Thursday, March 12, 2015

Does Kirin's "Harecha Tea" Contain Banned Substances? Kirin Denies Claims After Athlete Warns Others Not to Drink It

translated by Brett Larner

A prominent member of the athletics community has warned the public that Kirin World Kitchen Harecha Tea may contain banned substances, but in response to an inquiry Kirin PR issued a statement saying, "Nothing which could be referred to as a banned substance has been detected."

Kirin World Kitchen Harecha Tea is a new product that was released on Feb. 24, an herbal tea combining lemon grass, mint, rosemary and geranium with green tea.  The problem in question is the use of geranium.  Geranium includes the banned substance methylhexaneamine, leading members of the athletics world to say, "Don't drink it before competitions," on their blogs and Twitter.  In particular, two-time World Championships bronze medalist Dai Tamesue's warning on the subject has had a great impact, retweeted more than 2000 times as of this writing.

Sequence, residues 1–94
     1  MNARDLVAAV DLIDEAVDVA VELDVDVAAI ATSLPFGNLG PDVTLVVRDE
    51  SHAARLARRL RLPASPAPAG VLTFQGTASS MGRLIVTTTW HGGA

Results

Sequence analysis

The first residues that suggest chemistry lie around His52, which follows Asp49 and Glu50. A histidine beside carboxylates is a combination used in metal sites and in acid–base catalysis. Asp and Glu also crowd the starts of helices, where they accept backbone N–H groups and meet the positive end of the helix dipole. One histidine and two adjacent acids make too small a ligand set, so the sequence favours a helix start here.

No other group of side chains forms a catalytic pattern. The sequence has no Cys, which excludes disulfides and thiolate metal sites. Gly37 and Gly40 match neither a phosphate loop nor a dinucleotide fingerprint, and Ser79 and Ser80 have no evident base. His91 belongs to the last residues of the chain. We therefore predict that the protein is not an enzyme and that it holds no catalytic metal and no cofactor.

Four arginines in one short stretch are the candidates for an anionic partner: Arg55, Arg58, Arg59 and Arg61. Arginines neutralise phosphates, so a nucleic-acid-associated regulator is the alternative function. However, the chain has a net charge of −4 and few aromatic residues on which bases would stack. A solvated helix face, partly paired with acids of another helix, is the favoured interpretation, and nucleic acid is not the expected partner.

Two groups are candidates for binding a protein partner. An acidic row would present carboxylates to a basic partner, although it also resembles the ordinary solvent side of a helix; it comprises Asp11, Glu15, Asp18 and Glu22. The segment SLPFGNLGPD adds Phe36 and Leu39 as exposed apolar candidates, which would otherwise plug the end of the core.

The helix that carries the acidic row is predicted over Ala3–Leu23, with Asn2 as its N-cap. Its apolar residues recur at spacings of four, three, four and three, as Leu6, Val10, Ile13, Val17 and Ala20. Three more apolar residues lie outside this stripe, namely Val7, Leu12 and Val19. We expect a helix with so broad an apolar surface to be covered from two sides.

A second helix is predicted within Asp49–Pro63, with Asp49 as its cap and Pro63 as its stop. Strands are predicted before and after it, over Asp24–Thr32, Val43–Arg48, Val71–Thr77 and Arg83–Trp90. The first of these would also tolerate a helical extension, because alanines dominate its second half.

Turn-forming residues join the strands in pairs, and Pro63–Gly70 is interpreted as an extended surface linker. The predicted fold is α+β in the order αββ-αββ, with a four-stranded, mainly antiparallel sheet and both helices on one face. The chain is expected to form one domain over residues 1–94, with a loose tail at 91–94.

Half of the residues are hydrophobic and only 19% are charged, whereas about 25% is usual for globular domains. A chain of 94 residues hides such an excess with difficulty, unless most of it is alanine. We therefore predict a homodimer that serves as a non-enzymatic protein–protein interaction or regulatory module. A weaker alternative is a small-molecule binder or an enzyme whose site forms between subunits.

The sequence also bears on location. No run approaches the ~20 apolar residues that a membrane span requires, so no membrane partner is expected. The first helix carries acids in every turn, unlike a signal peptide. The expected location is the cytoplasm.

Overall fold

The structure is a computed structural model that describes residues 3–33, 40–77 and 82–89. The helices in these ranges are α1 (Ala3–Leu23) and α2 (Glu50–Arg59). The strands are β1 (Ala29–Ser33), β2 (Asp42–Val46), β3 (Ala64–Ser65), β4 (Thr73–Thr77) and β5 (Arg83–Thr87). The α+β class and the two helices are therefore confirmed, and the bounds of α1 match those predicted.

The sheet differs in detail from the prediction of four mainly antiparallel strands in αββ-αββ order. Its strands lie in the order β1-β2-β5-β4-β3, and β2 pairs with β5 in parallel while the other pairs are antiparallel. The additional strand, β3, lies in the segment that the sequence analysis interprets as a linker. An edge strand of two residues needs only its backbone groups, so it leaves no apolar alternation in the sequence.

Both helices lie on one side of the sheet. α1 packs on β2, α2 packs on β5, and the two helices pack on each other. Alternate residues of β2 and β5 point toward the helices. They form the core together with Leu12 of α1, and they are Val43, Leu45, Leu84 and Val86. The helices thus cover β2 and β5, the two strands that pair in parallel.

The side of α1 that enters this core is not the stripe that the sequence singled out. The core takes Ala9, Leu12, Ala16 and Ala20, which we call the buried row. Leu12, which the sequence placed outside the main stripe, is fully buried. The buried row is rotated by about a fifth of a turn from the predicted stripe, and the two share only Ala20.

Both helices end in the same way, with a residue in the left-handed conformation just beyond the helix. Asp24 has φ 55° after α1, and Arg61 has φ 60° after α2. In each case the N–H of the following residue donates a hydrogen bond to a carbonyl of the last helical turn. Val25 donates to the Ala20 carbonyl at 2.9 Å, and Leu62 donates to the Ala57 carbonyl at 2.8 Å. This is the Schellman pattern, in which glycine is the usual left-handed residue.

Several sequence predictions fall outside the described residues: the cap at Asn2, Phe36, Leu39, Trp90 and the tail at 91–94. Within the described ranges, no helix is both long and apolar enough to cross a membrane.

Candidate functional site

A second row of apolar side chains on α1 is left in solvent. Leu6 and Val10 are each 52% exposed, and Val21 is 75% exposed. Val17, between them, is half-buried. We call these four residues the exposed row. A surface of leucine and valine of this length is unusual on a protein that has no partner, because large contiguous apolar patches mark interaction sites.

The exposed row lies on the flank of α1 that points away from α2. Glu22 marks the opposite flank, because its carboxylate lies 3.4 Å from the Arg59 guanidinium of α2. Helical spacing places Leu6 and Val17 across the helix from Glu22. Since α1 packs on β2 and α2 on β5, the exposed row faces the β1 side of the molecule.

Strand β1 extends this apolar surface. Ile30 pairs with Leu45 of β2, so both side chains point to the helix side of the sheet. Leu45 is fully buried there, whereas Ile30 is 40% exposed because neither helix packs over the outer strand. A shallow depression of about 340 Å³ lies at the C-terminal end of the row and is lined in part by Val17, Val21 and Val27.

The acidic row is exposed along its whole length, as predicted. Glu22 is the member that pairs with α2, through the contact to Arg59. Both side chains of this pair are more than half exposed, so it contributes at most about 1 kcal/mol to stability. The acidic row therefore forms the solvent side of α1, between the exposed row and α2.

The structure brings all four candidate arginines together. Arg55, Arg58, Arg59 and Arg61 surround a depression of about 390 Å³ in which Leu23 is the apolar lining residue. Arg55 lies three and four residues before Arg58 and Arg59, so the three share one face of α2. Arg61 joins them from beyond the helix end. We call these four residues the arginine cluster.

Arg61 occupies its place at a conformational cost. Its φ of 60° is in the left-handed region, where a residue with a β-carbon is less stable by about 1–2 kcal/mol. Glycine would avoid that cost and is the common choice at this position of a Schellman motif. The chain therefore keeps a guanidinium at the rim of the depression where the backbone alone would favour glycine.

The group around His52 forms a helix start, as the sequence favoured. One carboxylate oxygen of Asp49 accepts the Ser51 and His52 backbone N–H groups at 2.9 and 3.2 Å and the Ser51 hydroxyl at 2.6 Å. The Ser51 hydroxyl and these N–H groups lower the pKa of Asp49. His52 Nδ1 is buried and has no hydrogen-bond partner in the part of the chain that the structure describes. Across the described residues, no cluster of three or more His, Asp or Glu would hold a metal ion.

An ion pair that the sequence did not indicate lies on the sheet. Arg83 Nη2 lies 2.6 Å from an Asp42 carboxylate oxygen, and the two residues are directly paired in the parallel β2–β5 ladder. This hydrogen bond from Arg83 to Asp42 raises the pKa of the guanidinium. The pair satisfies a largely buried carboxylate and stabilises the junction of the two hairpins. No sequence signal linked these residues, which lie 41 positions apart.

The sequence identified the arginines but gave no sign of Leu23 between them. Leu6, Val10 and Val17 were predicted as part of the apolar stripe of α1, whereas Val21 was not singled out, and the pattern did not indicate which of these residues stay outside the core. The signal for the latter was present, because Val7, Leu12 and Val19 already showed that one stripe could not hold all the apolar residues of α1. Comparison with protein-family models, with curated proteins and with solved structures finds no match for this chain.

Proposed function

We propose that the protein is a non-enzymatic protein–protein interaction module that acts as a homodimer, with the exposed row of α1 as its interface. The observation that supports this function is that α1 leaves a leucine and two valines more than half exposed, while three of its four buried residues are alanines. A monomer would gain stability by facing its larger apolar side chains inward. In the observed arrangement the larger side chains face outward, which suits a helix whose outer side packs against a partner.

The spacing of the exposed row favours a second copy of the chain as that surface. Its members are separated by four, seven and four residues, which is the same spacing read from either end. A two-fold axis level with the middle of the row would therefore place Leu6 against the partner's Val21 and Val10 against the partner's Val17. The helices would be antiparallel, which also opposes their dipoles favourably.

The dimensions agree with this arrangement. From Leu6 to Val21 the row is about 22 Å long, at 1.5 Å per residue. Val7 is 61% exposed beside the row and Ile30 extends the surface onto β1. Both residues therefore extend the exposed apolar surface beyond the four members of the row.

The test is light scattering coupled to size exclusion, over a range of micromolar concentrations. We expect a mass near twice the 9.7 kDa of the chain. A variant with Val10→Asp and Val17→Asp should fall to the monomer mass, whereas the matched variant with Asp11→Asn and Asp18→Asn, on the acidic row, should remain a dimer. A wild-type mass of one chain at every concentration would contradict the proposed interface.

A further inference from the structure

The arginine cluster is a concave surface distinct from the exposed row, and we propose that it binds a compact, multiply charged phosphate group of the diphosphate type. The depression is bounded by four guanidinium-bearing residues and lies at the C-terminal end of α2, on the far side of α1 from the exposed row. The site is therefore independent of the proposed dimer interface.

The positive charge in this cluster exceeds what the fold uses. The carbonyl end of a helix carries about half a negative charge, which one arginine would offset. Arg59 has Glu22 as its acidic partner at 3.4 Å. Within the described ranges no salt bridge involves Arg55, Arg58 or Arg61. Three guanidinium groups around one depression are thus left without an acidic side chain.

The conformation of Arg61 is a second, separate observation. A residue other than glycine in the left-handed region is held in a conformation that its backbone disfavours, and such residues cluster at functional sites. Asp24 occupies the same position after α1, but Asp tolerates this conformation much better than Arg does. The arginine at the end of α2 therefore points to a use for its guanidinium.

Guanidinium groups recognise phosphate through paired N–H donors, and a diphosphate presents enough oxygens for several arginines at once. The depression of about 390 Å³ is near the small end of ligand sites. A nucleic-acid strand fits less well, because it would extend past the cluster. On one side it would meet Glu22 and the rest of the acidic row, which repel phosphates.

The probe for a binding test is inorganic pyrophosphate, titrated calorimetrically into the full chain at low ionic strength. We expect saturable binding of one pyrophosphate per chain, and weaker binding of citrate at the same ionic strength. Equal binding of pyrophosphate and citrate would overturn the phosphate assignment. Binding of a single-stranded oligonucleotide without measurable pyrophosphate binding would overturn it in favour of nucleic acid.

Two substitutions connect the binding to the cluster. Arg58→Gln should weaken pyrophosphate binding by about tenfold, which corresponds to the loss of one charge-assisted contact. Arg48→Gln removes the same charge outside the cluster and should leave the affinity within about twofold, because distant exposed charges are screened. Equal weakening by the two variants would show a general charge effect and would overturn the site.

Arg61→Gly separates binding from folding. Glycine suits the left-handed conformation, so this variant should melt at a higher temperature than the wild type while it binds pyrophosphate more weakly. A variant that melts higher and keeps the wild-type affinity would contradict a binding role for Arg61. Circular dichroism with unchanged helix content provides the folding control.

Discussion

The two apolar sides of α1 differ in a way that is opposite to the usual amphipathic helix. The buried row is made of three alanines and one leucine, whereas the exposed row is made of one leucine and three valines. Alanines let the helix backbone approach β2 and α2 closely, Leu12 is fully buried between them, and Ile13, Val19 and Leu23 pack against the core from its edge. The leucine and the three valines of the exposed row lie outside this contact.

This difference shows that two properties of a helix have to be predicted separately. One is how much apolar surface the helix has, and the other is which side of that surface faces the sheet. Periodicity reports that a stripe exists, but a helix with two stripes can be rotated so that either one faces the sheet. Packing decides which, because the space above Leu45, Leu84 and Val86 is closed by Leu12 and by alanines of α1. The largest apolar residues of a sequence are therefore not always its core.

"I received information that this tea contains a banned substance called geranium and that athletes should not drink it in the 5 days before a competition." -- Dai Tamesue (@daijapan) March 8, 2015

In response to an inquiry on the subject, Kirin's public relations department responded, "This product has been inspected and nothing that could be called a banned substance was detected."  The banned substance methylhexaneamine is often listed as "geranium oil" or a similar name on supplement ingredient lists but is typically artificially produced through chemical synthesis.  Studies seem to indicate that it has not been detected in natural geranium, and at the present time no positive doping test results have occurred as a result of drinking Harecha Tea.

All told it looks safe to say that the chance that drinking Harecha Tea will result in testing positive for doping is extremely low.  To be completely sure, athletes may be better off not drinking it before competitions, but there seems to be no problem whatsoever with drinking it in normal day-to-day life.